During this pandemic, a key factor in the rules surrounding what is permitted in our area, as well as the policies that Kendal adopts for its residents, has been Chester County’s “test positivity rate”. I have been noticing that the rate reported by the County differs from the rate reported by the New York Times (which provides rates for every US county). That difference caused me to wonder: which rate should we pay attention to? And a related question: why focus on the positivity rate at all? I’ll return to the various reported rates below, but first a word about positivity.
“Test positivity”—an imperfect metric. The definition of test positivity is simple: you take the total number of positive tests occurring in a given period (say, a week) and divide it by the total number of tests given during that period. The result is the percentage of positive tests.
It is not immediately obvious why this percentage is useful. It does not provide insight into the two key questions local health authorities would want answers to: what is the prevalence of Covid in my area, and how fast is it spreading. The problem is that measuring those two factors requires widespread and frequent testing, including testing of people with no symptoms, and that just isn’t happening in Chester County (or virtually anywhere else).
Test positivity is relatively easy to measure, because all test results (positive or negative) have to be reported to the county Health Department, and in turn to the state Department of Health. And test positivity does provide some useful information: if it is low, that means most people who are tested because they have symptoms that might be Covid do not actually have the disease. The chances of missing a significant outbreak are low. If the percentage is high, it suggests there may be an outbreak and an immediate increase in testing is warranted.
How high is too high? Guidelines from the World Health Organization recommend that restrictions should be in place if the positivity rate rises above 5%. They recommend that governments should not relax restrictions until the rate is below 5% for two consecutive weeks. With the exception of one late-summer period, Chester County’s positivity rate has been above 5% for a full year, and it is currently well above that level.
So what is the current positivity rate in Chester County? There are multiple answers to that question. When I checked the rates on April 6, Chester County’s Covid website listed it as 9.05%. The New York Times Covid county page had it at 7%. The CDC website said 8.78%.
What should we make of these differing values? Shouldn’t they match? I decided to try doing my own calculation. I went to the Covid “dashboard” maintained by the county and downloaded the data there that gives counts of positive and negative tests. Here’s what the dashboard data looks like:
Just by checking a few of these daily numbers, you will quickly see that the positives are frequently around 20% of the total (positives plus negatives). I calculated a 7-day average, because that’s what the county says its rate is based on. The result: an astonishingly high rate of 22.3%. Hmm. I knew that couldn’t be right, but I checked my work and I couldn’t find an error.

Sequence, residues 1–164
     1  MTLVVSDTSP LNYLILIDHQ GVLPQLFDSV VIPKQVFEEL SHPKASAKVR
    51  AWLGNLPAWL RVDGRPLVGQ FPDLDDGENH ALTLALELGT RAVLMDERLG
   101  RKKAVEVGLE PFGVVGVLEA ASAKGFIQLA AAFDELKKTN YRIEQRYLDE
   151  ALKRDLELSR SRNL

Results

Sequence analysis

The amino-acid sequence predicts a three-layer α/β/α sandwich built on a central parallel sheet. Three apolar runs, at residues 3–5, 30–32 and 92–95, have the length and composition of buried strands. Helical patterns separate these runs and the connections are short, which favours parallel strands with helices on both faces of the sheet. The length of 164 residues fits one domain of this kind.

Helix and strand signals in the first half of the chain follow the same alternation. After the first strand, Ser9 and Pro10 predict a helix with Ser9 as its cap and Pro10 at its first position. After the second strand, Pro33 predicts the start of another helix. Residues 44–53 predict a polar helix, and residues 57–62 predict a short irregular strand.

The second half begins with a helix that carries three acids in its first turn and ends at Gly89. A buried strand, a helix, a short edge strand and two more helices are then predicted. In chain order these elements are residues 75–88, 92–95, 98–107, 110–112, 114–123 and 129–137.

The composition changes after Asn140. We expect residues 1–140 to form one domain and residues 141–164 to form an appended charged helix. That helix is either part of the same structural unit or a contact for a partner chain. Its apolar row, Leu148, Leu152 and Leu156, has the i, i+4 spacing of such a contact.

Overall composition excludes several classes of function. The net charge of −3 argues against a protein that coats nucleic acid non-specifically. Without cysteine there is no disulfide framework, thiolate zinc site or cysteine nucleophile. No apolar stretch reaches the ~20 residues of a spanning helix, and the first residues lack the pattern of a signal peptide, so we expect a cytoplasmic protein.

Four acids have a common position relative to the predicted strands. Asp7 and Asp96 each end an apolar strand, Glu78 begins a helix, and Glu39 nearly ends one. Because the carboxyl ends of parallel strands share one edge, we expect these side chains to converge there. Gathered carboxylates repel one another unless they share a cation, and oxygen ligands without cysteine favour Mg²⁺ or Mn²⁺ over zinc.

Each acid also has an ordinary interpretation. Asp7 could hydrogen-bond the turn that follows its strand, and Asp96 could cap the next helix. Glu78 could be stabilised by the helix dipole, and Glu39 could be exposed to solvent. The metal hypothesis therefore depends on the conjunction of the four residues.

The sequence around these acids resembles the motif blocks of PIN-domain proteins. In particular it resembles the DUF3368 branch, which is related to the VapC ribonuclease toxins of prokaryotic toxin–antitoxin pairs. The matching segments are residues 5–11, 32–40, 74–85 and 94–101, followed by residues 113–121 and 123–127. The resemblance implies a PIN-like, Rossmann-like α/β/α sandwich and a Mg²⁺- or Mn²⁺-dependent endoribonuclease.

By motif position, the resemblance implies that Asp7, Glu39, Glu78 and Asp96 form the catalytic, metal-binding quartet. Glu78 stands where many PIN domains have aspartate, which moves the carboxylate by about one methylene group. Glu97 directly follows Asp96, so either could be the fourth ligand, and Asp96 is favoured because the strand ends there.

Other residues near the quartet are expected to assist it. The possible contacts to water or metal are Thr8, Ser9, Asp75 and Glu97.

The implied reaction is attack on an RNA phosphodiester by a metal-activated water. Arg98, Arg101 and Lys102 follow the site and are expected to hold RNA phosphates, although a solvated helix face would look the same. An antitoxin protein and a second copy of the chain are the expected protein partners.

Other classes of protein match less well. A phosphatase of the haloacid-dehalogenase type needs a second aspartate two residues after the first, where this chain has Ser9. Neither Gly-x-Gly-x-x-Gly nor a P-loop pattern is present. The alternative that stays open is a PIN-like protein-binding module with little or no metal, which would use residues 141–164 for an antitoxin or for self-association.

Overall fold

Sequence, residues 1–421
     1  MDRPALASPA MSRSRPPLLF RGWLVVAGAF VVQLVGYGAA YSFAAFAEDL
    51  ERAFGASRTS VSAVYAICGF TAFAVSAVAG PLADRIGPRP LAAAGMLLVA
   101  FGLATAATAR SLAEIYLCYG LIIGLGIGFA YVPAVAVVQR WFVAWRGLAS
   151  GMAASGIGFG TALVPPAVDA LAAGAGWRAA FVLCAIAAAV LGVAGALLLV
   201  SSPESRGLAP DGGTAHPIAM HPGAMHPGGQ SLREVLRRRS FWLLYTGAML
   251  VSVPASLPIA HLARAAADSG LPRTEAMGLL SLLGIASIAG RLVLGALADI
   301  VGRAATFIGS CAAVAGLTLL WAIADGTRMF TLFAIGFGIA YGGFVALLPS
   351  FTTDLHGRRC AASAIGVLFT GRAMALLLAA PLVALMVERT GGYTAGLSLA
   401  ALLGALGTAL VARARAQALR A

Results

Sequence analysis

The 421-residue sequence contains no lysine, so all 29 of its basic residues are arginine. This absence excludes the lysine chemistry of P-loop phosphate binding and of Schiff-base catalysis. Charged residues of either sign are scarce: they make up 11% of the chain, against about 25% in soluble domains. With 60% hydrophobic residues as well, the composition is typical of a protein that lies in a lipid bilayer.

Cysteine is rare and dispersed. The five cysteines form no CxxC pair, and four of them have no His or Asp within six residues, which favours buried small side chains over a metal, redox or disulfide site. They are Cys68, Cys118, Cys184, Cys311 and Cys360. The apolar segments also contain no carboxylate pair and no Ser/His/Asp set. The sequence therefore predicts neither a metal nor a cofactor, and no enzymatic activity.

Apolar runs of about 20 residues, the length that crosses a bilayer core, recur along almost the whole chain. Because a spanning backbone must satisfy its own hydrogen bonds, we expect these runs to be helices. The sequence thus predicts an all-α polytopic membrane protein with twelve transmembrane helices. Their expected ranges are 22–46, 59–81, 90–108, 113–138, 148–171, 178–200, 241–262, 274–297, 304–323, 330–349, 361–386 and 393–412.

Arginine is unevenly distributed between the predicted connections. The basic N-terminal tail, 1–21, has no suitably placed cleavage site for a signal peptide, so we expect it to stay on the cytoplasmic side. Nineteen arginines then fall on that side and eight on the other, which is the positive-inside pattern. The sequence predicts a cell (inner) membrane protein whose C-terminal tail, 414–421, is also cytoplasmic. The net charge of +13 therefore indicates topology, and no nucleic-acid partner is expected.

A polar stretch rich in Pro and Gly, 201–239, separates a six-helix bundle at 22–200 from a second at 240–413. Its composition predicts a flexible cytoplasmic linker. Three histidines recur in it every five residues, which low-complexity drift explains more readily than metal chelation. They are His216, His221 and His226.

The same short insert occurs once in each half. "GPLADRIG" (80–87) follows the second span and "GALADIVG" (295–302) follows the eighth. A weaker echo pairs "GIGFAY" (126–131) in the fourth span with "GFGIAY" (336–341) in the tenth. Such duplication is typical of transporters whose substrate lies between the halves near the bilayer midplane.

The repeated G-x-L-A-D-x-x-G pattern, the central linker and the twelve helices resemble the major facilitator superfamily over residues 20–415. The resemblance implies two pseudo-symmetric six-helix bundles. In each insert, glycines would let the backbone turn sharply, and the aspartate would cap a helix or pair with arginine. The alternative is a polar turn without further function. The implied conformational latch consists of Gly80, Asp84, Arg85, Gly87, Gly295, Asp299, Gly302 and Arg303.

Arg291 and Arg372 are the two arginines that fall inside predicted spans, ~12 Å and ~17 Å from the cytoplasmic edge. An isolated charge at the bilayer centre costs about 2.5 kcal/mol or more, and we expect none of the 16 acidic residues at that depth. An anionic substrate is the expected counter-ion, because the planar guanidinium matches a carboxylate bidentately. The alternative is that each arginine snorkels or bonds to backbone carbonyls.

The county’s official positivity rate for the period, on the other hand, was 9.04%. Here’s a screen capture of that page:
I sent an email to the county Health Department, explaining my calculation and asking why my result was so different from theirs. I got a nice response from a person named Emma Crowley, who is the Health Department’s Surveillance Coordinator. She explained that the numbers I had gotten from the dashboard were inflated because they include “the number of positive PCR tests AND positive antigen/antibody/etc tests.” (PCR tests are the nasal-swab tests we get here at Kendal, and they are the “gold standard” for Covid testing.)
This suggests that a large number of non-PCR tests are being conducted in the county, and a much higher percentage of them are positive, thus inflating the numbers on the dashboard. Why these non-PCR tests should be positive so often is a mystery to me. But I am glad to have an explanation of the odd data.
So which number is right? As for the differences between the other positivity figures, I was able to find information that explained at least some of the discrepancy: the county and CDC data is based on a 7-day average, whereas the New York Times is a 14-day average. During a period of rising positives (which we are currently experiencing) you would expect at 14-day average to be lower, since it contains 7 additional days of values from a period when positives were lower. The difference between the CDC and the county values was only a quarter of a percent, which I would consider not worth worrying about. It could be something as simple as a difference in the timing of the postings. In other words, for practical purposes all three numbers are probably correct. The choice between a 7-day or a 14-day average is arbitrary—there is no single correct answer.
The inflated positivity data on the county dashboard (which suggests a positivity rate over 20%) really is a problem, though. It may be useful for looking at trends, but it gives a seriously flawed impression of how many people test positive for Covid in our county. Ms. Crowley writes in her email response: “We’re aware of the ‘Positive’ label confusion [on the dashboard] and are working to fix it.”
Addendum 4-9-21 p.m.: Just before publishing this post, I checked the websites mentioned above one last time. For what it’s worth, the Chester County website has just done its weekly update and is now showing a positivity rate of 7.96%., more than a percentage point below last week. The CDC site is showing 8.8%, and the New York Times is still at 7%. And the county’s dashboard is still showing daily numbers that work out to something above 20% when averaged on a weekly or bi-weekly basis.